If you're a stickler for punctuation, if you have difficulty using correct punctuation -- or if you just want a good laugh, pick up this book! You will at least want to find out how the title manages to become the punch-line for a joke that begins with, "A panda walks into a
...more
Will Byrnes
This is a delightful screed on the demise of punctuation in contemporary expression. Truss bemoans the loss of knowledge or of interest in proper use of language. Truss is a Brit and the usages have not been modified for the American edition of the book. A must and an enjoyable read for anyone who cares about our language, for any reader. In addition to gripes about the slovenly way that we write, Truss offers some history on punctuation.
Joey Comeau
This book made me angry. It is prescriptivist, which is fine, I guess. I mean - you've got to expect that from a grammar written for popular consumption. But what the author clearly thinks is charming snark just comes across as snideness, and it's impossible to tolerate from someone who clearly has no understanding of linguistics. I don't mind stupidity, but I HATE stupidity mixed with a superiority complex.
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Lynne Truss is a writer and journalist who started out as a literary editor with a blue pencil and then got sidetracked. The author of three novels and numerous radio comedy dramas, she spent six years as the television critic of The Times of London, followed by four (rather peculiar) years as a sports columnist for the same newspaper. She won Columnist of the Year for her work for Women's Journal ...more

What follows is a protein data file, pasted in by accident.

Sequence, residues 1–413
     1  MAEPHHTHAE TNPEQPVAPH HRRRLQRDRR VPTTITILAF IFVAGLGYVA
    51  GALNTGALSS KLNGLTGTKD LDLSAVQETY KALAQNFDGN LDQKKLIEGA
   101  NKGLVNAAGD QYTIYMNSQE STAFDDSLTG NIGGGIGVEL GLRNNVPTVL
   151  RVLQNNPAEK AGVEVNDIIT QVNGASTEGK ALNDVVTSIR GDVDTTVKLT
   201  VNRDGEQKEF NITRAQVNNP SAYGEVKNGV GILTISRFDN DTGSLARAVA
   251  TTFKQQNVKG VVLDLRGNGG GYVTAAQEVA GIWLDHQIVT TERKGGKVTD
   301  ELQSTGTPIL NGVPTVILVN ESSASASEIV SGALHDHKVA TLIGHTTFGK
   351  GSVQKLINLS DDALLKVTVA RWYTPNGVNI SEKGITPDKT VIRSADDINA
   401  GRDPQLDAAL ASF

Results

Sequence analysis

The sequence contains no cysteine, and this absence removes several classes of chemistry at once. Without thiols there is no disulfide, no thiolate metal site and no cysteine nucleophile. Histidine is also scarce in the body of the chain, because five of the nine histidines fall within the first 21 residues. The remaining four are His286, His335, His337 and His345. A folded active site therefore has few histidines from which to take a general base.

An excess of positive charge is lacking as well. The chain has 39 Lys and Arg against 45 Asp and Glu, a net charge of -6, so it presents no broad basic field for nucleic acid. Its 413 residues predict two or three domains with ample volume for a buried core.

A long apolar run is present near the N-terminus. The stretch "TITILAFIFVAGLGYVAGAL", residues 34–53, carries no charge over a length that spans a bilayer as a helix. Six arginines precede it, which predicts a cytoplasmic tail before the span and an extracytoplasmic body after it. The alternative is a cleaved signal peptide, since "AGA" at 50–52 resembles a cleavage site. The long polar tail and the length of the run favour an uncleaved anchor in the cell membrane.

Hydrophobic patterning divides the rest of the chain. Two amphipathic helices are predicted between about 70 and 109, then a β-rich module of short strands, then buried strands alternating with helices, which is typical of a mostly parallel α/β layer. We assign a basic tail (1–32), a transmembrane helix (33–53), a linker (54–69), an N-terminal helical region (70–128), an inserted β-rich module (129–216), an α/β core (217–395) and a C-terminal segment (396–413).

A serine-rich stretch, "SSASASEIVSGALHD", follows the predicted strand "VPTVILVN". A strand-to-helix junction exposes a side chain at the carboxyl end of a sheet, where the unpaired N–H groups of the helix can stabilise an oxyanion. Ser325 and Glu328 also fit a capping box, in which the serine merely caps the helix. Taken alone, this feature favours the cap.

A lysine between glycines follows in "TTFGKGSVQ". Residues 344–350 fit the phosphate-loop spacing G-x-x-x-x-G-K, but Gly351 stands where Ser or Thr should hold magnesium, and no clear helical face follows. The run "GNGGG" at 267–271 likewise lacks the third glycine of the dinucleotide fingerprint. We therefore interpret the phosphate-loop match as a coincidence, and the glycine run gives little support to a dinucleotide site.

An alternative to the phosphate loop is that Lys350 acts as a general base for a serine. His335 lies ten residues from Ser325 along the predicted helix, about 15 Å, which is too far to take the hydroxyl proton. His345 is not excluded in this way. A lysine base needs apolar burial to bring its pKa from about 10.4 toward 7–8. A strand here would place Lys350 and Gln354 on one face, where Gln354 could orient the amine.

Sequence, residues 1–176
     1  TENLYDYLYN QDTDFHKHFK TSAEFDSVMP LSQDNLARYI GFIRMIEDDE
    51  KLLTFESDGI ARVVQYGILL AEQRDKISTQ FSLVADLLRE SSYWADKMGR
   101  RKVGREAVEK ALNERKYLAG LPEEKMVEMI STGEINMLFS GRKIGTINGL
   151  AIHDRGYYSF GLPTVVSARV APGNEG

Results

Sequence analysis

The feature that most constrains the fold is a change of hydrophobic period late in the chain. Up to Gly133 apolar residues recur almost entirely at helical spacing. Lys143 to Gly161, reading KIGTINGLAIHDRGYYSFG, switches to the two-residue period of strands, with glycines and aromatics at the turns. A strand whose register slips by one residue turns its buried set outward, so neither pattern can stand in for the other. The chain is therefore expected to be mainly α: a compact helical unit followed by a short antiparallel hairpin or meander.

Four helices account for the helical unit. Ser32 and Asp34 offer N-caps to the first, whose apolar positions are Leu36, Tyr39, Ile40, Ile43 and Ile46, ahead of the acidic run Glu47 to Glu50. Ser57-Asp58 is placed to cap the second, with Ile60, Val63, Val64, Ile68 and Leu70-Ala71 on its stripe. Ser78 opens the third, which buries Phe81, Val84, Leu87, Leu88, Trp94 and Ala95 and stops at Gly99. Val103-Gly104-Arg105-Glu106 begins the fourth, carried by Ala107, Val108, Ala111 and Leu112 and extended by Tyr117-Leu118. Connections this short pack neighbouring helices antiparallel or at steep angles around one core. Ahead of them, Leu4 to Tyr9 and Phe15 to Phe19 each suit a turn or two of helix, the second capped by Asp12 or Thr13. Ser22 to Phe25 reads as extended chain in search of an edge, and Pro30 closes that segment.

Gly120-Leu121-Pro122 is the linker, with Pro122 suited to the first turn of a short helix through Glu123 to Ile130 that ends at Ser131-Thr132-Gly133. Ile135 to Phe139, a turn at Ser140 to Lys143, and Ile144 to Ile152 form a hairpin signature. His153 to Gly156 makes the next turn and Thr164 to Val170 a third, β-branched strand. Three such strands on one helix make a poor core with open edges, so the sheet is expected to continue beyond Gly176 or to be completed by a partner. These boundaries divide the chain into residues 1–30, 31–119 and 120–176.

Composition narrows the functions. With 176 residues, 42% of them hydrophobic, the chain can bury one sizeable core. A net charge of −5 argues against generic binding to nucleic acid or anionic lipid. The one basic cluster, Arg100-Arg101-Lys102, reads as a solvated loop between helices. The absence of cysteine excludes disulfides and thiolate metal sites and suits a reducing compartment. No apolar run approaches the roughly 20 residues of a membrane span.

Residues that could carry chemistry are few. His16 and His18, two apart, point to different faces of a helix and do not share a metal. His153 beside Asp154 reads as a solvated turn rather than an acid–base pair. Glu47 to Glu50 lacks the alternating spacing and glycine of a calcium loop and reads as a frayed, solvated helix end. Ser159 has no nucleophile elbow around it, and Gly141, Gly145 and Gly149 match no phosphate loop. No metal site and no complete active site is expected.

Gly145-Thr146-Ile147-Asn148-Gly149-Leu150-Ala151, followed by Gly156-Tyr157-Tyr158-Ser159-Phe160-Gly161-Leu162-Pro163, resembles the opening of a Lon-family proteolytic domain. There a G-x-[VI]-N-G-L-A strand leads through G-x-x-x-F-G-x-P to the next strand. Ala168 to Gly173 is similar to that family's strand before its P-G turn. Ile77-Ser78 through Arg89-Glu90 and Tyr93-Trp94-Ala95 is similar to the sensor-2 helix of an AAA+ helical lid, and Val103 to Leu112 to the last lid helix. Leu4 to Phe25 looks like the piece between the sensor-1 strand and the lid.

More about Lynne Truss...
Talk to the Hand: The Utter Bloody Rudeness of the World Today, or Six Good Reasons to Stay Home and Bolt the Door Eats, Shoots & Leaves: Why, Commas Really Do Make a Difference! Eats, Shoots and Leaves 2007 The Girl's Like Spaghetti: Why, You Can't Manage without Apostrophes! Cat Out of Hell

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“A panda walks into a cafe. He orders a sandwich, eats it, then draws a gun and fires two shots in the air.

"Why?" asks the confused waiter, as the panda makes towards the exit. The panda produces a badly punctuated wildlife annual and tosses it over his shoulder.

"I'm a panda," he says, at the door. "Look it up."

The waiter turns to the relevant entry and, sure enough, finds an explanation.

Panda. Large black-and-white bear-like mammal, native to China. Eats, shoots and leaves.”
83 likes
“Thurber was asked by a correspondent: "Why did you have a comma in the sentence, 'After dinner, the men went into the living-room'?" And his answer was probably one of the loveliest things ever said about punctuation. "This particular comma," Thurber explained, "was Ross's way of giving the men time to push back their chairs and stand up.” 64 likes